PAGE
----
“We have no problems getting things donated,” Thatcher explained. “People have been so generous to us. You cannot imagine the things they throw away in our hospitals. We get wheelchairs, walkers, portable toilets, crutches, canes, and boxes and boxes of good medical supplies-gauze, bandages, syringes, tubing, and things like that. We box it and inventory it and ship it out. But our biggest hurdle is raising the money for the shipping. We always just trust in God.”
When EADM began, it was an entirely independent organization, until the day that Thatcher got a call from the Congregation of Marians of the Immaculate Conception in Stockbridge, Massachusetts: “They had heard of our work and asked us to come under them as an official outreach ministry of their congregation. The Holy Father asked their order to spread the Divine Mercy message. They print all of the materials about Divine Mercy in English. In a sense, we were to be the feet of Jesus and the right arm of St. Faustina to help get this message out to lay people. I hope that some day we will be looked upon as a kind of third order organization to the Congregation of Marians.”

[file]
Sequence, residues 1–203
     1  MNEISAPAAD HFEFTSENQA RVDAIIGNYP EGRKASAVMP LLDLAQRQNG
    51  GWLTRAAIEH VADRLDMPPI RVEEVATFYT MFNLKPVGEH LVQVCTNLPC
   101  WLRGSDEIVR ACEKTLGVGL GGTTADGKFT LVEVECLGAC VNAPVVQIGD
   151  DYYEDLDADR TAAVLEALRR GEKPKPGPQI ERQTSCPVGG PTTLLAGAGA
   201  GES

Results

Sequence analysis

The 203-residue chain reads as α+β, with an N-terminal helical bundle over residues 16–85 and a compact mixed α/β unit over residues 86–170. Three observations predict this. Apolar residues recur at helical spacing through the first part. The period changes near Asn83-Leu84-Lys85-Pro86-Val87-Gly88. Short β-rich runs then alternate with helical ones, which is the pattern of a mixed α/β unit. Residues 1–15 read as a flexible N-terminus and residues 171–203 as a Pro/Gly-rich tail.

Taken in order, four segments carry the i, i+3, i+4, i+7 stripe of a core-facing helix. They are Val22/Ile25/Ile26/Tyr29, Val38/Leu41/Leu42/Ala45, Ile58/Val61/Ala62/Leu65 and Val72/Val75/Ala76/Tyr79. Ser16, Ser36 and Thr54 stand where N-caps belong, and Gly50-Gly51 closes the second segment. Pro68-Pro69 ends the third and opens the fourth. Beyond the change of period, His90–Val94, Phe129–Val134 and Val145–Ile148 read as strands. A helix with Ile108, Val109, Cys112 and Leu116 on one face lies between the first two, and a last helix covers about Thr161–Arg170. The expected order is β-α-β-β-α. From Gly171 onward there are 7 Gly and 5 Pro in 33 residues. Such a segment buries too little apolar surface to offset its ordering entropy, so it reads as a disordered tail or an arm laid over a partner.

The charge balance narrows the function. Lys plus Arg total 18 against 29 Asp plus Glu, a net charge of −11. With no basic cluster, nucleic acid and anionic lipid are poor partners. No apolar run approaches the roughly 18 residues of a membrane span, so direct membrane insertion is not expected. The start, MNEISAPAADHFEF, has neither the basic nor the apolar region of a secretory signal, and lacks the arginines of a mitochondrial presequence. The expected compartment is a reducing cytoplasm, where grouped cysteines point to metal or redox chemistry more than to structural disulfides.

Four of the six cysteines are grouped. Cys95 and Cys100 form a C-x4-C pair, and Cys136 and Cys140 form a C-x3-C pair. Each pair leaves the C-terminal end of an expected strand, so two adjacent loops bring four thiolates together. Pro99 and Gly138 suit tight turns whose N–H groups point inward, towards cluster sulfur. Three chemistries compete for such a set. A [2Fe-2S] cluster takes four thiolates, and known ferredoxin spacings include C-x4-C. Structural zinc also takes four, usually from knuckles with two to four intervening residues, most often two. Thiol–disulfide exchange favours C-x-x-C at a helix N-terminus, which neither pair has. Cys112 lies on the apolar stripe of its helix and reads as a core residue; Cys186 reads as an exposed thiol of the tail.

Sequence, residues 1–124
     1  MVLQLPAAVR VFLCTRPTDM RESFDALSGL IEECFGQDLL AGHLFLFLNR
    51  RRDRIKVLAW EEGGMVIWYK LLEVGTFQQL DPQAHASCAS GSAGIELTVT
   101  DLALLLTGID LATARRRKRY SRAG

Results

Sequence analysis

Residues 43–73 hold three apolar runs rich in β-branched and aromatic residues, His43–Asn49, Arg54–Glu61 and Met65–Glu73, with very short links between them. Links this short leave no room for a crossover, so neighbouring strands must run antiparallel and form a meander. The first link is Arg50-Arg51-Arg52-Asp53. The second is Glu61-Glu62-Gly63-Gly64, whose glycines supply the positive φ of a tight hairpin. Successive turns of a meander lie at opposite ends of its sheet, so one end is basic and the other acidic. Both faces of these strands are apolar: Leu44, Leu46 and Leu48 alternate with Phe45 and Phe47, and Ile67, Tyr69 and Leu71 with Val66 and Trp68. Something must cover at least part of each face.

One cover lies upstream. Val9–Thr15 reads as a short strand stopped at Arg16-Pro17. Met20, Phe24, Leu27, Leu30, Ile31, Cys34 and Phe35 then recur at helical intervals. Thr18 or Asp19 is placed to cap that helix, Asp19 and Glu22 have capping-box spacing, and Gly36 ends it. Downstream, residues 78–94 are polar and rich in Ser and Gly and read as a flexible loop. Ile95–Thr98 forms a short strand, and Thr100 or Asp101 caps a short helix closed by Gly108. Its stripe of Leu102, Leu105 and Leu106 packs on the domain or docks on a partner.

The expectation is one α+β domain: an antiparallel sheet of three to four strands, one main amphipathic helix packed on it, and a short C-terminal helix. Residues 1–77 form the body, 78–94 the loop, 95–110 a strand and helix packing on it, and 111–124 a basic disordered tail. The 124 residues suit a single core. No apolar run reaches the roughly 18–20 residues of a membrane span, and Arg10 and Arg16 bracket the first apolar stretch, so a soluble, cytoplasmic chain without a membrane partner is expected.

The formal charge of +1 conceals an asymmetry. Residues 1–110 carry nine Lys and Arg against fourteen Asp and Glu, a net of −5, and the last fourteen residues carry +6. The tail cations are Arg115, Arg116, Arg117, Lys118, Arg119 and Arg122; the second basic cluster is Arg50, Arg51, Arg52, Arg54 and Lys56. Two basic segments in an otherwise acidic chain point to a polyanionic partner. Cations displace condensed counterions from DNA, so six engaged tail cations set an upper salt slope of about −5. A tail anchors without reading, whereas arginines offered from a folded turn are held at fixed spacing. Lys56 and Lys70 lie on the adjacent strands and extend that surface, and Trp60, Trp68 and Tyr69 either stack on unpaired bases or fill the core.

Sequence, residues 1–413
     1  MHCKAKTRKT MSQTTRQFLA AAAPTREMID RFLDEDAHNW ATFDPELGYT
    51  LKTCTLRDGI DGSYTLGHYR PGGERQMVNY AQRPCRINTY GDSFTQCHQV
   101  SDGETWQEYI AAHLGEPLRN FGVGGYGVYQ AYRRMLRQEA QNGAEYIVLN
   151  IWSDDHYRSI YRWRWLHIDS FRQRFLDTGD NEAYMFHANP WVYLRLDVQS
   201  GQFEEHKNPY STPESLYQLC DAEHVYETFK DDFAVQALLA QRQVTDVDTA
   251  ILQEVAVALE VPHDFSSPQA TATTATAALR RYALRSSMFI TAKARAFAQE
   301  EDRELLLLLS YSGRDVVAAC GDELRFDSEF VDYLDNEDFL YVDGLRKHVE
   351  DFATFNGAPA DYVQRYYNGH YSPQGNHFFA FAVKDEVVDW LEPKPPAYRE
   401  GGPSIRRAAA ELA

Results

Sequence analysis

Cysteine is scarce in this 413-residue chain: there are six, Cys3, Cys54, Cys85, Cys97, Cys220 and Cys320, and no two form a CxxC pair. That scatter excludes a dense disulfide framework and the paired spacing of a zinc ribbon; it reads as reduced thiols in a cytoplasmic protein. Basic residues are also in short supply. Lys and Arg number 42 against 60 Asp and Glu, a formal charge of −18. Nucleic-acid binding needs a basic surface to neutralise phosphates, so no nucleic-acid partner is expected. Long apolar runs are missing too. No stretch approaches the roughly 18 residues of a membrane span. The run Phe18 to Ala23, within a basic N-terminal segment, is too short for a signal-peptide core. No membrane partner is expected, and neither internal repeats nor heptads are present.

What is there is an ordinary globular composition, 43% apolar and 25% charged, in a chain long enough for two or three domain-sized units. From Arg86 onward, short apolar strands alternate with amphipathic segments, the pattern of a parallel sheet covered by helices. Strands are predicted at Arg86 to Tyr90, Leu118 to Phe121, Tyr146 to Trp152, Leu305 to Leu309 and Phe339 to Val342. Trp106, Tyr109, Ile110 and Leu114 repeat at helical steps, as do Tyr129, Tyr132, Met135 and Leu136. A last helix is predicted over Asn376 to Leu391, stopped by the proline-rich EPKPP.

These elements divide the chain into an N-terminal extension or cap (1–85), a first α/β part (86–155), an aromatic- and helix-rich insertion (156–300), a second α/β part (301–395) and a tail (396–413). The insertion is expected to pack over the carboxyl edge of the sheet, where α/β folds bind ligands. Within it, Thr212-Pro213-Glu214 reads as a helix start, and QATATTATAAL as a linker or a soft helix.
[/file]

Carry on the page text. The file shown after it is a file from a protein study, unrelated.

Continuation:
Thatcher admitted that St. Faustina’s canonization last year was a real boost to their ministry, but they still encounter skeptics. “I think our biggest deterrent to spreading the message of Divine Mercy is the idea, held by many people, that our message is a devotion, and they think we no longer have devotions in the Church. That’s not true. Plus, this is much more than a devotion. It is much more than a message, a chaplet, an image, or a feast day once a year. Those are all beautiful parts of it, but this is a way of life. The apostle Thomas said, “If I see, I will believe.” We say, “If you believe, then you will see.”
For more information about the Eucharistic Apostles of the Divine Mercy, call toll-free (877) 380-0727, or write P.O. Box 248, Valrico, FL 33595, or email email@example.com, or visit www.thedivinemercy.org.